Now it was time for the one hour decant, and to figure out what food we were going to be pairing with the wine? We opted for a rib eye steak, braised short rib, and veal meatball sliders. We were all pretty hungry, so the hour seemed like an eternity, but finally it was time for the second round. This round was unanimous with all three judges selecting "Wine B" as their choice for both aroma and taste, and one would think that after five previous BvBs, we judges would get used to the constant flip-flopping, yet we still find it surprising every time this happens! 

The Rules:

1.) Each bottle will be stored at the same temperature until serving time.

2.) Each bottle will be poured into identical decanters marked "A" & "B" (a third party will do this so that the judges do not know which is which).

3.) ROUND 1- A glass of each wine will be served immediately from the decanter and judged on its aroma, color, and taste. Each judge will mark which of the two they preferred in each category on their individual score sheets, without letting the other judge(s) know their choices.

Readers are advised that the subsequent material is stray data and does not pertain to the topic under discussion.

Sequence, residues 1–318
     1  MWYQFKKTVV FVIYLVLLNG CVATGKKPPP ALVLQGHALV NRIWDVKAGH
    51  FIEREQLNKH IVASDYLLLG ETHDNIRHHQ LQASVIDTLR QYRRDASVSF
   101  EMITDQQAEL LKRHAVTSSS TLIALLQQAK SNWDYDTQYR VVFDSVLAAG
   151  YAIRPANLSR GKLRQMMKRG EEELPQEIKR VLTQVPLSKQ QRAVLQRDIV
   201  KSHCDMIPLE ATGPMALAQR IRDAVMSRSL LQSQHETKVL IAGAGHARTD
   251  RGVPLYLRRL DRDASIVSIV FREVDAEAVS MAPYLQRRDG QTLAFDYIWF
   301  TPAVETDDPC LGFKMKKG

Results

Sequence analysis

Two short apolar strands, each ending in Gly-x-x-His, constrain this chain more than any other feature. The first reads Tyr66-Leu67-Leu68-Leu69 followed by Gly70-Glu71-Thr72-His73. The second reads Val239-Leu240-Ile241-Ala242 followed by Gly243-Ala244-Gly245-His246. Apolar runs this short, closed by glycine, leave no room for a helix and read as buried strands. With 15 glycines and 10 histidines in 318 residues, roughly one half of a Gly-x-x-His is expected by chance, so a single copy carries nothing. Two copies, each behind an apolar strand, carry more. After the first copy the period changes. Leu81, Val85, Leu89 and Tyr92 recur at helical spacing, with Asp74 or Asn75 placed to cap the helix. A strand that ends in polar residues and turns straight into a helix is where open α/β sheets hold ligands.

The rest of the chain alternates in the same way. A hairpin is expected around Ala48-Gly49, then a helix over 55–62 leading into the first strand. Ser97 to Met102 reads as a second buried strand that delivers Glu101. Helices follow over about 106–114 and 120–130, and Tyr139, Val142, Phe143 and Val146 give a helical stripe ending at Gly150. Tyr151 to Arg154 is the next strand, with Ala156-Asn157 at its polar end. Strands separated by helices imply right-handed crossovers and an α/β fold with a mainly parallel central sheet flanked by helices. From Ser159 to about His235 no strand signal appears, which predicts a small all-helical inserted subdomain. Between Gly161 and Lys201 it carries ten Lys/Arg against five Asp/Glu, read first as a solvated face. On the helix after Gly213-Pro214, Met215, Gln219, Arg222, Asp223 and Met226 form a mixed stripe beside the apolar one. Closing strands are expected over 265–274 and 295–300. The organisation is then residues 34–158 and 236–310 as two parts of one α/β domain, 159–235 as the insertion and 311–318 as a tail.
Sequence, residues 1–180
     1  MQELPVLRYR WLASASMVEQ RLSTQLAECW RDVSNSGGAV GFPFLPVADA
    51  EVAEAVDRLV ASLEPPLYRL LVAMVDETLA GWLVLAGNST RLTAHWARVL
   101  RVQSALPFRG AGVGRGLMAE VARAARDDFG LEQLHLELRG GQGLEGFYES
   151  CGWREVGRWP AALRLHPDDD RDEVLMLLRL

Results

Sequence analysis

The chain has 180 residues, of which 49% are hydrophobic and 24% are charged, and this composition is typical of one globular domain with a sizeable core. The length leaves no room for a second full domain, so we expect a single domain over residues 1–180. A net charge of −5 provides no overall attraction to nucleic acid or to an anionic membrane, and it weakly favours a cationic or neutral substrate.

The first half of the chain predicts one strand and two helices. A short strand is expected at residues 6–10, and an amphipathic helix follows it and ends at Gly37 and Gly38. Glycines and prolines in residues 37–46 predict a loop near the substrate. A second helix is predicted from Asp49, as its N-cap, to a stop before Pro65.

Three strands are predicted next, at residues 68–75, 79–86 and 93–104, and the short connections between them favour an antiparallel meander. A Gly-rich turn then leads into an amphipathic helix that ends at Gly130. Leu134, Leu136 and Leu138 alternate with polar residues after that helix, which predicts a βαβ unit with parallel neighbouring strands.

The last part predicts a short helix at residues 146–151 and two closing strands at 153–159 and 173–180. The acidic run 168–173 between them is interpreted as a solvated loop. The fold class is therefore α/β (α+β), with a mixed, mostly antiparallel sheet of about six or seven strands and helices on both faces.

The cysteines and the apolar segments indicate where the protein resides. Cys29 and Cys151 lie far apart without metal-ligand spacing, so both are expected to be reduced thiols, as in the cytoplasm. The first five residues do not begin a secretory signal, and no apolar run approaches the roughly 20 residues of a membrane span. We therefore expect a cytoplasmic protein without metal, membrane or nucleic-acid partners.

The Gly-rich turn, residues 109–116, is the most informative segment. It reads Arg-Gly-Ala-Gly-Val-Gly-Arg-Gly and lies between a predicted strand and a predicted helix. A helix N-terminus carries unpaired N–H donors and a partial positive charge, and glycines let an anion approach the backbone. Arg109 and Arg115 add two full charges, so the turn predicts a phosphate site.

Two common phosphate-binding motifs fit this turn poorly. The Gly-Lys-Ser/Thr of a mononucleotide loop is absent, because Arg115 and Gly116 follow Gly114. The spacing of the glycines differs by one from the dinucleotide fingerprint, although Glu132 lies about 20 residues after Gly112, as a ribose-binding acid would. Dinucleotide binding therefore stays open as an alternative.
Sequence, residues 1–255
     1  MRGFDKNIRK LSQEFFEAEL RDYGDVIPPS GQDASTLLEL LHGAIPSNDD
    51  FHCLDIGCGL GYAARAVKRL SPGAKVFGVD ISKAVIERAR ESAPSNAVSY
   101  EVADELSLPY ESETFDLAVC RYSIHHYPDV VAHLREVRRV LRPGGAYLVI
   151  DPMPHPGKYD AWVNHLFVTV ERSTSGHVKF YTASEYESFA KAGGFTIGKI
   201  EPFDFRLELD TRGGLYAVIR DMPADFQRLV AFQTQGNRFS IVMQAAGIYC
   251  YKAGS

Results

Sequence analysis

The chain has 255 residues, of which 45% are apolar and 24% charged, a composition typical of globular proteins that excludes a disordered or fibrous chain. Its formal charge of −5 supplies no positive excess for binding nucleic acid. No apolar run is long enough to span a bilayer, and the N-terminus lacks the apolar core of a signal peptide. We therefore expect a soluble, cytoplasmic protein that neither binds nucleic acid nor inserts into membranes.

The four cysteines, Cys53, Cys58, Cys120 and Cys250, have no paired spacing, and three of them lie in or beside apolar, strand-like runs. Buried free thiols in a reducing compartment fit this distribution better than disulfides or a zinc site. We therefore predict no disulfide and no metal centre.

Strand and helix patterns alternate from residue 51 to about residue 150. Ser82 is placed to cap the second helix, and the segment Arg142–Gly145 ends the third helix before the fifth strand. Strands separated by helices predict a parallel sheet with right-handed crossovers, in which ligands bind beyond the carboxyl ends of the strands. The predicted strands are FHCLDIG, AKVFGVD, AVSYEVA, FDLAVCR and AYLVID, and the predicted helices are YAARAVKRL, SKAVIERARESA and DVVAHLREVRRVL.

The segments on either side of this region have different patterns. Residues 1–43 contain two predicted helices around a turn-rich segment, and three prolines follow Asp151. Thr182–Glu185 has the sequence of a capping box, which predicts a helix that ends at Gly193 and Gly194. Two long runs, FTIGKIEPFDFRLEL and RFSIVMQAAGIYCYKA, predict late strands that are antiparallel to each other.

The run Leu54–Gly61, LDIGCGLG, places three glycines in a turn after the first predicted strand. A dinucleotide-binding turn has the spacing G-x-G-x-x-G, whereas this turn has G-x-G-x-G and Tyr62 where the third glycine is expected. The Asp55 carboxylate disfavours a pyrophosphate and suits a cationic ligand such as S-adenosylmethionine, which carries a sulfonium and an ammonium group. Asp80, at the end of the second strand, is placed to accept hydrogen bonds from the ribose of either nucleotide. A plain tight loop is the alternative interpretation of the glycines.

4.) ROUND 2- After one hour of decanting, another glass of each wine will be poured for the judges and again judged again, but only on aroma and taste (ie. no color judging in this round), without letting the other judge(s) know their choices.

5.) ROUND 3- A food dish will then be served to pair with the wines, and the judges will secretly score which of the two wines they felt paired best.

6.) The judges will tally their individual score sheets and reveal their respective winner.

Scoring in each category is as follows:

Round one- Aroma (1 point), Color (1 point), Taste (2 points).

Round two- Aroma (1 point), Taste (3 points)

The Premise:

Remember the Pepsi Challenge?! We'll we thought we'd do the same thing, only with wine!

We thought that it would be fun to take two wines that we really love, and put them up against each other in a blind tasting. To be fair, the wines must be of the same varietal; in the same price range; served at the same temperature; and in the same type of glass. Our "competitors" will usually be from different wineries, but occasionally they might be the exact same wine, just different vintages. They could even be the same brand and vintage, but from different vineyards. Make sure to follow us on either Instagram, Facebook, and/or Twitter to stay posted on when our next match up will be!